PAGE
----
Minnesota elevator made illegal seed sale

FARGO, N.D. - AgriPro Wheat, a division of Syngenta Seeds, says the federal district court recently entered a $49,000 judgment against LB Grain Inc. of Lake Bronson, Minn., for the unauthorized sale of AgriPro Wheat's Jagalene winter wheat variet...

FARGO, N.D. - AgriPro Wheat, a division of Syngenta Seeds, says the federal district court recently entered a $49,000 judgment against LB Grain Inc. of Lake Bronson, Minn., for the unauthorized sale of AgriPro Wheat's Jagalene winter wheat variety to local farmers.

The illegal sale that occurred in September violated the U.S. Plant Variety Protection Act, which allows patentlike protection to the developer of crop varieties. AgriPro Wheat is the developer of the Jagalene variety. Through AgriPro's investigation, it was discovered that an LB Grain dealer-representative knowingly had sold uncertified seed of Jagalene winter wheat to area farmers.

The judgment was calculated using the overall bushels sold, loss of seed royalties and AgriPro Wheat's legal fees. The federal PVPA law mandates that protected varieties can only be sold as a class of certified seed by authorized seed growers and dealers.

The PVPA states that the developer of wheat varieties has control over who can produce and certify their varieties. "Brown-bagging," a term referring to the sale of wheat seed without certification tags or certificates, is strictly prohibited. LB Grain was not licensed or authorized to sell the Jagalene variety in this uncertified manner.

Manitoba farmers will get money back from failed slaughterhouse


WINNIPEG, Manitoba - Farmers who invested in the dream of a cooperative beef slaughterhouse will get their cash back this week. Bob Munroe, chairman of the failed Ranchers Choice Co-op, says it's not a bankruptcy, it's a voluntary dissolution. He says the assets of the company will cover its debts, meaning investors will start getting their money back Feb. 19.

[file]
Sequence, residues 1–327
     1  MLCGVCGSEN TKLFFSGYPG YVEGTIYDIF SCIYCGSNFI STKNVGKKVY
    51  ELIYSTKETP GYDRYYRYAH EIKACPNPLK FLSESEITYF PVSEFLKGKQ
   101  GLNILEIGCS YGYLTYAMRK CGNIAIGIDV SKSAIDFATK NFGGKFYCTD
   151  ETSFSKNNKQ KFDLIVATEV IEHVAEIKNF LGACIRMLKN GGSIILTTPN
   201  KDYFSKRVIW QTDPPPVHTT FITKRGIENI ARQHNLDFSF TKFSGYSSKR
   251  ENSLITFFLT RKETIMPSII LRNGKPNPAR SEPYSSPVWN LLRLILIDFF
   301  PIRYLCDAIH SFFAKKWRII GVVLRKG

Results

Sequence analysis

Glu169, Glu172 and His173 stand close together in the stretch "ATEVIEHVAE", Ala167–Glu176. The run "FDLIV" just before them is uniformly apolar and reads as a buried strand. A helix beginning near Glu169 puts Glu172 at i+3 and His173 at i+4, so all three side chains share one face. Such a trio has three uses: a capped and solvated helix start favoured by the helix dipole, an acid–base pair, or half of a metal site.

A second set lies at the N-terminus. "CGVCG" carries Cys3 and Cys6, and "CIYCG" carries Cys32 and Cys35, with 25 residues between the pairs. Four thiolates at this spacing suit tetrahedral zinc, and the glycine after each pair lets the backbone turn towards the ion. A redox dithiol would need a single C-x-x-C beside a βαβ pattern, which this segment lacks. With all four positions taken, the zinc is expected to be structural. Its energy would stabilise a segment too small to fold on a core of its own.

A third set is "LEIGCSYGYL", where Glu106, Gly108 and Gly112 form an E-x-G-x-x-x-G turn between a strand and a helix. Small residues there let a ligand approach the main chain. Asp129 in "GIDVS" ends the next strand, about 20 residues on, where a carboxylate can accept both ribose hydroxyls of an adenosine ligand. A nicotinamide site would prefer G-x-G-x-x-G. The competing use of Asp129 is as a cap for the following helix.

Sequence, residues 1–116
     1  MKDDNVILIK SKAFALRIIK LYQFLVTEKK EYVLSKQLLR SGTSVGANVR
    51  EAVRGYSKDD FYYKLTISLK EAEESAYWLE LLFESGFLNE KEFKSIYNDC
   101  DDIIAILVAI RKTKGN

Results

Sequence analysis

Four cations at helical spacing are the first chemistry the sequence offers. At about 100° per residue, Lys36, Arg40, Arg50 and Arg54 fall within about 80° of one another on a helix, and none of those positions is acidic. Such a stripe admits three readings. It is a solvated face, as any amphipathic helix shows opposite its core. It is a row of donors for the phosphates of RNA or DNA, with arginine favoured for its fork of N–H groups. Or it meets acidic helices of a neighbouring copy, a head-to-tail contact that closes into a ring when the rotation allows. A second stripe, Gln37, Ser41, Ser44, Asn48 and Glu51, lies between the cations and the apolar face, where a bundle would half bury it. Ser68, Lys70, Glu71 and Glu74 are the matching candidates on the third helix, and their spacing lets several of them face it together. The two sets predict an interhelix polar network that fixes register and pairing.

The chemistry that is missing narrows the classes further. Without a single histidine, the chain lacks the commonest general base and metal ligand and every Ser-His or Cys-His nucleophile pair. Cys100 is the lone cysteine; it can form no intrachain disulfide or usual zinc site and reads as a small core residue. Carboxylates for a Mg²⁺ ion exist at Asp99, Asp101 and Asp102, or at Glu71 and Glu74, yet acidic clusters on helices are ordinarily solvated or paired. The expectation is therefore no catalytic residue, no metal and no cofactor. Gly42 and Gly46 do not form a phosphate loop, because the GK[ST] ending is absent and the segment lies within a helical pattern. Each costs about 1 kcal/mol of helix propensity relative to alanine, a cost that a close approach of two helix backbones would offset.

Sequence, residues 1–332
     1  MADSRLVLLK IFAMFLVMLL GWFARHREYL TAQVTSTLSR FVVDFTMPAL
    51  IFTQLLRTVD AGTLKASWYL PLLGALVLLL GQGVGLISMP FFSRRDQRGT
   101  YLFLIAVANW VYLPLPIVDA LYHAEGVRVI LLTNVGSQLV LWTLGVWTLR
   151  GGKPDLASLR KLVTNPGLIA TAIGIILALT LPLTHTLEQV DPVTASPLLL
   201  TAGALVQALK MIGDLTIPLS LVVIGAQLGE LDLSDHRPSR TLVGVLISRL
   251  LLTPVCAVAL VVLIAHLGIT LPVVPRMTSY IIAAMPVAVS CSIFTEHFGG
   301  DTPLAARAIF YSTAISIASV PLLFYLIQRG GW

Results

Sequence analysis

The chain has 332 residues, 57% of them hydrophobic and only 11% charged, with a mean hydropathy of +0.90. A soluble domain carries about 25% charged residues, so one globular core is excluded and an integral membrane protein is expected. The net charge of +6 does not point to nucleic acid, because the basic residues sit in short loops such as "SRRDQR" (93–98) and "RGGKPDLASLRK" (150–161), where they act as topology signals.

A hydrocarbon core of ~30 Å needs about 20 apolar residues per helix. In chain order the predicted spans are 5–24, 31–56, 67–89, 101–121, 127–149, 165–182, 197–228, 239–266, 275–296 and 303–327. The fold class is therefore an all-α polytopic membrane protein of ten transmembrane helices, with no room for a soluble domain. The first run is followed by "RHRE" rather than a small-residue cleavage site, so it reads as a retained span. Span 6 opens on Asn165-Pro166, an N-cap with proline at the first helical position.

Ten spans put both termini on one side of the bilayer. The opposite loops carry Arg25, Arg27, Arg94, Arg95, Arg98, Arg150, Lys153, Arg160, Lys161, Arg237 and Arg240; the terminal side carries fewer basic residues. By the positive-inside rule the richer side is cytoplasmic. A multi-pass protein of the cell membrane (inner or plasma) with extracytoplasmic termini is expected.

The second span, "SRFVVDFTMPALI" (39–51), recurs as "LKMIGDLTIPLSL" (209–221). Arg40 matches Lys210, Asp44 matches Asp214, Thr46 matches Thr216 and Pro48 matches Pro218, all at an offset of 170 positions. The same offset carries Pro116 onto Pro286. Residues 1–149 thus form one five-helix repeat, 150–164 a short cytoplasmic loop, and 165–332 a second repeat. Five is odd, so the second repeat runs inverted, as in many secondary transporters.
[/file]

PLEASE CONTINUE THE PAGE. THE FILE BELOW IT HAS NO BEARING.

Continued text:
The board voted unanimously earlier last month to begin dismantling the co-op. More than 3,300 cattle producers bought memberships in the company while the province gave $4.5 million in cash and $6 million in operating loans.

The drive to get a slaughterhouse began in 2003, after the American border was closed to Canadian cows in the wake of the mad cow crisis. But the effort to build a slaughterhouse in the province was derailed when the co-op wasn't able to raise millions of dollars in private capital.

Munroe says the co-op hopes to cover its liabilities through the disposal of the slaughtering equipment it purchased in 2004. "We have $2.4 million worth of packinghouse material in a warehouse in Dauphin," he says. "This is a shame because if this plant couldn't go up, I can't imagine we'll ever get another chance in Manitoba."

Japan to suspend beef imports from Nebraska plant

TOKYO - Japan will suspend beef imports from a Nebraska processing plant after finding meat in a shipment that may violate a regulation imposed over mad cow concerns, the government says. The Ministries of Health and Agriculture says inspectors at the port of Yokohama found two boxes of rib meat in a shipment sent by U.S. agricultural giant Tyson Food Inc. from its plant in Lexington, Nebraska, that were not recorded in the accompanying shipping documents.